Trinidad-Mayorga: A Preview
By Jim Cawkwell (September 30, 2004) 
Photo © HBOPPV
In the wake of the September 11, 2001 terror attacks, Felix 'Tito' Trinidad was one of the many people serving food and offering support and consolation as New York City struggled to harness its courage and strength in the face of devastating adversity. The world became engrossed with the horrific drama of that fateful day while Trinidad went on to seek out his own destiny. His journey brought him to consumption at the hands of Bernard Hopkins via a twelfth round knockout and after two years of self-imposed exile, it brings him once more to Madison Square Garden, his own personal ground zero to salvage the wreckage of his career.

In many ways, Trinidad was the embodiment of the dream fighter. Only linguistic limitation prevented him from attaining the complete mainstream appeal to the English-speaking boxing sector thoroughly enjoyed by Oscar De La Hoya. Otherwise, Trinidad looked and acted like the superstar of boxing he truly was. A fighter known as the greatest finisher in the sport due to his ruthless efficiency and a seemingly unparalleled power that traveled with him through every weight class he entered. When he walked away from boxing, it hurt. However, the show must always go on, as it did in his stead. Perhaps, as is inevitably for true fighters of legendary achievements such as he, the ache to be the central character in that show once again becomes too great. Therefore, Trinidad returns, not inconspicuously in preparation for future dangers, but to erase two years of dormancy in a single thrilling encounter with Nicaraguan wild man Ricardo Mayorga.

Firepower generates buyer-power and this fight represents as explosive an encounter as you are likely to see anywhere in the world this year. Another fundamental aspect of Trinidad’s appeal, his Achilles heel as it were and that which makes this fight so compelling, is his innate vulnerability. Despite his domineering prowess, his susceptibility to one equalizing response from his opponent always threatened to send him momentarily spiraling out of control and the search for redemption he always managed to grasp, eventually. If you remember anything of Vernon Forrest by now it is likely to be the straight missiles he launched to separate the welterweight championship from Shane Mosley. The second and perhaps last thing you might recall of Forrest was the way in which he was invited to throw those same missiles at Mayorga, and in doing so, he was met with a mocking smile from Mayorga who, upon absorbing their full weight, was distinctly unimpressed.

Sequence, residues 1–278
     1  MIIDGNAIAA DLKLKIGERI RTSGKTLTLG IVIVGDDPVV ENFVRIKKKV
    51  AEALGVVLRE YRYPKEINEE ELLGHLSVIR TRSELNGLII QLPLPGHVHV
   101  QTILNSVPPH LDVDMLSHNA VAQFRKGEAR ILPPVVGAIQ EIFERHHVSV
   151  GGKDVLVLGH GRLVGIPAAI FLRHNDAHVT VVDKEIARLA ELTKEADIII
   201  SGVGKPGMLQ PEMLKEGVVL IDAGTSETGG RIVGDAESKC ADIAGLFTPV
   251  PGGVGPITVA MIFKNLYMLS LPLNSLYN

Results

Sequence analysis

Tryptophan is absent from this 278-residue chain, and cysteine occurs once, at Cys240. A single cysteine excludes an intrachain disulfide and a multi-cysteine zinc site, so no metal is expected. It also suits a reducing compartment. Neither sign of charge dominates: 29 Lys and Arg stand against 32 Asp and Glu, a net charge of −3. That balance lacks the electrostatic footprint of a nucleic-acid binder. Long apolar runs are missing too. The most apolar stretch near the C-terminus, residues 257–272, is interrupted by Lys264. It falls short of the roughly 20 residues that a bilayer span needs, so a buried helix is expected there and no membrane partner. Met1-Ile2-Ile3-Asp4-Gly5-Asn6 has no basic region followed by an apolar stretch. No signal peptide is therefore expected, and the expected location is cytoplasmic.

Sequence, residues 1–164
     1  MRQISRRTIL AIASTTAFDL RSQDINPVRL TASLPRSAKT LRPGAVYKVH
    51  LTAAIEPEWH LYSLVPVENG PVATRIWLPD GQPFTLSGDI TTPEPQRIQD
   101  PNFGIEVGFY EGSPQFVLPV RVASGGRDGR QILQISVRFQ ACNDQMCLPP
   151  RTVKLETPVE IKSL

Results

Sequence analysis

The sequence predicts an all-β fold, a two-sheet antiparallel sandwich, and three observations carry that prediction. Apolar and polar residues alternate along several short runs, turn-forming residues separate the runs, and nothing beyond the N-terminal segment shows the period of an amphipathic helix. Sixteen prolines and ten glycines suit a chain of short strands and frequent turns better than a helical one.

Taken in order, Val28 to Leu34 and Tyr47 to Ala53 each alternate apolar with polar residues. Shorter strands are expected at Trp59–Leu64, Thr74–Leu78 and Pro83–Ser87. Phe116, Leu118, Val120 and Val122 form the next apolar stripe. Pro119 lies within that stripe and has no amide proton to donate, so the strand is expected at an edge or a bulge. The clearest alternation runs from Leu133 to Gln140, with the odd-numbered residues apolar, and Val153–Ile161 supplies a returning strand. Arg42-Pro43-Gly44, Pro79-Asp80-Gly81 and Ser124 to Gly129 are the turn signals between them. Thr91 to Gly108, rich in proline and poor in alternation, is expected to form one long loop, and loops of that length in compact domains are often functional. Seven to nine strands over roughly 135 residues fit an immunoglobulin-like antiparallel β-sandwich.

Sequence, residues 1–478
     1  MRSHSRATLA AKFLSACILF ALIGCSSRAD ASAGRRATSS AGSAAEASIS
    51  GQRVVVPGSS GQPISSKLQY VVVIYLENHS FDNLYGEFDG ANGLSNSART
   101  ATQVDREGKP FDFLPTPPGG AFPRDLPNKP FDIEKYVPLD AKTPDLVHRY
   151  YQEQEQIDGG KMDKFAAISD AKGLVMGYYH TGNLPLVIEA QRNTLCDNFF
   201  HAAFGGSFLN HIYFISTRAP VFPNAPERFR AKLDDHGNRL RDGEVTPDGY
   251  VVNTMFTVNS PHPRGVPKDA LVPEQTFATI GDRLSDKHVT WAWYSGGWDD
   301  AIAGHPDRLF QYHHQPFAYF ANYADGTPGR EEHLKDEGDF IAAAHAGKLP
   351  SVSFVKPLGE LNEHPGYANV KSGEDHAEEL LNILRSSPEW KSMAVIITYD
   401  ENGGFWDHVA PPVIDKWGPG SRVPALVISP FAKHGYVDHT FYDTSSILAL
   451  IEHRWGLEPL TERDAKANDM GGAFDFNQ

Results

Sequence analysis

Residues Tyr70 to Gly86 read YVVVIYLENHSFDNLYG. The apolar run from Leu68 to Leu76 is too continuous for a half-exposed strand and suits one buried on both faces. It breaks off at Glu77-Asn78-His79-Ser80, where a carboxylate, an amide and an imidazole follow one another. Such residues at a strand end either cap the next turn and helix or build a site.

That moment in the Mayorga-Forrest rematch was one of my favorite in recent years and the one that leads me to believe that Trinidad will have to reveal his exceptional best to overcome Mayorga’s maniacal marauding. If any fighter can redeem himself in such oppressive circumstances it might be Trinidad and with the recent trend of weekly dismissals of boxing’s flag-bearers, hope is high that Trinidad can restore order to the chaos in which Mayorga revels. However, as much as we romanticize Trinidad’s return as the hero attempting to reclaim his lost glory, a dash of realism prevents me from a wholehearted explanation of why he is certain to do so. That inescapable reality is born out of Trinidad’s true motives for returning.